SGA tables discussion on creating student senate

While Student Government Association assembly has tabled the idea of having a student senate for now, the issue will return in the fall.

Al Carroll, current SGA parliamentarian and president-elect for the 2011-12 school year, said he is unconvinced that the student senate format would be beneficial, but debate will continue.

Student senates at other schools include student members who represent other students in their grade level or an assigned group of students.

Butler’s current SGA format includes representatives from any student group or organization. Their constituencies are their group members.

No precise format has been discussed for a possible Butler student senate.

Also, no decision has been made as to whether or not a student senate would coexist along with SGA assembly or take its place.

Last year’s SGA evaluation committee and CPA approached Carroll with the idea after he was elected the 2011-12 SGA president. He said it came out of a sense that SGA members had too little to do.

He said developing a purpose for SGA and taking on greater problems this fall may remedy that issue. If it does not though, he said looking at a format could be beneficial to SGA’s function.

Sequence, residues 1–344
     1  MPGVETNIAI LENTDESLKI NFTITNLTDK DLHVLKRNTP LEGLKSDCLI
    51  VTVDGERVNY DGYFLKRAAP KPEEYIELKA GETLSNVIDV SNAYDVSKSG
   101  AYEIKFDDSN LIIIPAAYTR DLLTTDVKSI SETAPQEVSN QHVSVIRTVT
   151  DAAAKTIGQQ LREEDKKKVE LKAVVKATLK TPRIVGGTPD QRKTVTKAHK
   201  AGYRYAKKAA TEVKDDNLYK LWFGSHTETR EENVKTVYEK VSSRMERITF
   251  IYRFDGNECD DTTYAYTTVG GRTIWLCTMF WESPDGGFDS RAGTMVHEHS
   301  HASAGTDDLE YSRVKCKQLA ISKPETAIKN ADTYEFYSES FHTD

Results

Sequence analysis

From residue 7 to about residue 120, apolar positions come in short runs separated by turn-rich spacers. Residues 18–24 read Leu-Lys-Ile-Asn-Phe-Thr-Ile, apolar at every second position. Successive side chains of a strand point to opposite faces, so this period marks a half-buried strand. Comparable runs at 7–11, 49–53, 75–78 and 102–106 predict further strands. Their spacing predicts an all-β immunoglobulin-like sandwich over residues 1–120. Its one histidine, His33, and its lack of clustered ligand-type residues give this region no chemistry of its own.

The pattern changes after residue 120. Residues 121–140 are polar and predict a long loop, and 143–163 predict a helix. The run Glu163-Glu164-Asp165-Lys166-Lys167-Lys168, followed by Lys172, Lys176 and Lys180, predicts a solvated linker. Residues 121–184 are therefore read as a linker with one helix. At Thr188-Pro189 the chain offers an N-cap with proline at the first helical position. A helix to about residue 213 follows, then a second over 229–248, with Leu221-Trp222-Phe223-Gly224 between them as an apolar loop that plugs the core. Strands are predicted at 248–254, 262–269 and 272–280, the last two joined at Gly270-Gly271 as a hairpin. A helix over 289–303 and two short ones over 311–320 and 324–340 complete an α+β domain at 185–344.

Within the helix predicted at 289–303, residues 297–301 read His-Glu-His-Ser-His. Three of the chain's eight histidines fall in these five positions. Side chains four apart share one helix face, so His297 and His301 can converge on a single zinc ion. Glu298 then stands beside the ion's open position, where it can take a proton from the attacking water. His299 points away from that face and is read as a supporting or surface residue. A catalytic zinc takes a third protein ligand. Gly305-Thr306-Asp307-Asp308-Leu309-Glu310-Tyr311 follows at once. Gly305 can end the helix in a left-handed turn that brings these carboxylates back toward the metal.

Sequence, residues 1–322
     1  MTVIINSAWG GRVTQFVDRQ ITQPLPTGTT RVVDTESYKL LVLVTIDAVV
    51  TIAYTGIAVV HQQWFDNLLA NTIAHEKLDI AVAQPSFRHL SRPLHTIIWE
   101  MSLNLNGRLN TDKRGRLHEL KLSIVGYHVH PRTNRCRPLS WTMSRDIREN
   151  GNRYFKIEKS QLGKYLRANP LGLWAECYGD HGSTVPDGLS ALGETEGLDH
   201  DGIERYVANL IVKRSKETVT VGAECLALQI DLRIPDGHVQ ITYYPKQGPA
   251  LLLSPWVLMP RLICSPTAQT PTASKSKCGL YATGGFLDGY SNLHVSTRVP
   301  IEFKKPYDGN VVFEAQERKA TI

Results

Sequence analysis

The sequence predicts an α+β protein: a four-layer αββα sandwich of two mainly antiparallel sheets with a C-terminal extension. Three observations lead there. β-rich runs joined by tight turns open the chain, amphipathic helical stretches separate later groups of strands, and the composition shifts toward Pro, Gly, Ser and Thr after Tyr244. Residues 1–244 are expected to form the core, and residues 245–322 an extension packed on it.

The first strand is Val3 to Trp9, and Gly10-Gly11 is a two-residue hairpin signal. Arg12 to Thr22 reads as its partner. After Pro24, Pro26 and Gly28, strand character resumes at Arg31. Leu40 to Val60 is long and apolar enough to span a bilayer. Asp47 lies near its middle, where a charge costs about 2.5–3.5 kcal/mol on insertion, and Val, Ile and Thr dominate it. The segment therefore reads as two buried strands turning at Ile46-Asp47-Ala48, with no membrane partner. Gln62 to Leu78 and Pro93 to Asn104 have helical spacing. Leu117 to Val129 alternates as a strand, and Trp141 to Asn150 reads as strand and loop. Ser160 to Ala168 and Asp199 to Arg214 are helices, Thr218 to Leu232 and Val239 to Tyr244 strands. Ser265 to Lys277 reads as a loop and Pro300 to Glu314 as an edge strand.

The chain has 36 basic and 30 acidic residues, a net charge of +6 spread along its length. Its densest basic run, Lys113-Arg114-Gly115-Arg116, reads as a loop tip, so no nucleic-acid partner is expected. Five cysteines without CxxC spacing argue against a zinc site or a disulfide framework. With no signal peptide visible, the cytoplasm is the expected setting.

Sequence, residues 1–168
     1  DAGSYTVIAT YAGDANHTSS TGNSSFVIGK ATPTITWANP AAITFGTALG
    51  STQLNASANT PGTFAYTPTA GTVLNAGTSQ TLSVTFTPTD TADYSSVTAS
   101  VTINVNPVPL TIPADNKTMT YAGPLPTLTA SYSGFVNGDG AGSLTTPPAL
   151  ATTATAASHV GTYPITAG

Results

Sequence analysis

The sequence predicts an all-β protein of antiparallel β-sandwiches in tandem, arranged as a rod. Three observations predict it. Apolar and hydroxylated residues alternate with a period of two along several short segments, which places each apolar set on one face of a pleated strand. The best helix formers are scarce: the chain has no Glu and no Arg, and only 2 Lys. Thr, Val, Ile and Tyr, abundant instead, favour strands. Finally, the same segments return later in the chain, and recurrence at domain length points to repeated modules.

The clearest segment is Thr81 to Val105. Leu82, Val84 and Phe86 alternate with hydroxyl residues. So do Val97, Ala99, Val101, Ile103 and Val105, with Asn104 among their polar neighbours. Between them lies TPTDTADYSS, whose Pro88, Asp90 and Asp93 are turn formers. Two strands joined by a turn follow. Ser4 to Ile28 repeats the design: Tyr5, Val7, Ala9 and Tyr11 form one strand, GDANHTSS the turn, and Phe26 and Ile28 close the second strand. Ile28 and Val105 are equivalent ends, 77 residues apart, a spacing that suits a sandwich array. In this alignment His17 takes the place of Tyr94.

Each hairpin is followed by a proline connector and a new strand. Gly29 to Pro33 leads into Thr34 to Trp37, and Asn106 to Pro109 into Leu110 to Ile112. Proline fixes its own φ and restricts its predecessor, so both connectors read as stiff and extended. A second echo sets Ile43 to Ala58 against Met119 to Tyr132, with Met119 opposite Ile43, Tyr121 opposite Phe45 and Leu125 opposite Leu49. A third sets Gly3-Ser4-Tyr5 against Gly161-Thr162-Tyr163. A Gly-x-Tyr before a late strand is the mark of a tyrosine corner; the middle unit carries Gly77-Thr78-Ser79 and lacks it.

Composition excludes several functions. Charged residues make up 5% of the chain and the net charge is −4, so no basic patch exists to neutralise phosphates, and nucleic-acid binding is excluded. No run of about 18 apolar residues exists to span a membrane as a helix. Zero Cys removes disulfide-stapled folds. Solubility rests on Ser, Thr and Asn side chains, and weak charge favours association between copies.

“It doesn’t matter if we have 20 voices or 200 if we don’t have a purpose,” Carroll said.

He said a change to assembly, whether it includes a student senate or not, is necessary.

“We’re not being effective, and we’re not working effectively in this body,” he said.

Either way, he said, the issue brings about important debate over the amount of voices in student government and the representation students desire.

“We’re trying to spark a fire in the student body and ask how much they care about these positions,” he said.

Carroll said the many heated arguments against a student senate and the abrupt tabling of the issue may have stemmed from representatives’ unwillingness to take up such a large issue three meetings from the end of the school year.

It is an issue that Carroll said should be taken up and drafted by assembly members and not the executive. Even so, he said there will be resistance.

“Change is a hard thing to do,” he said. “When you start talking about change, that’s where things start to heat up a bit.”


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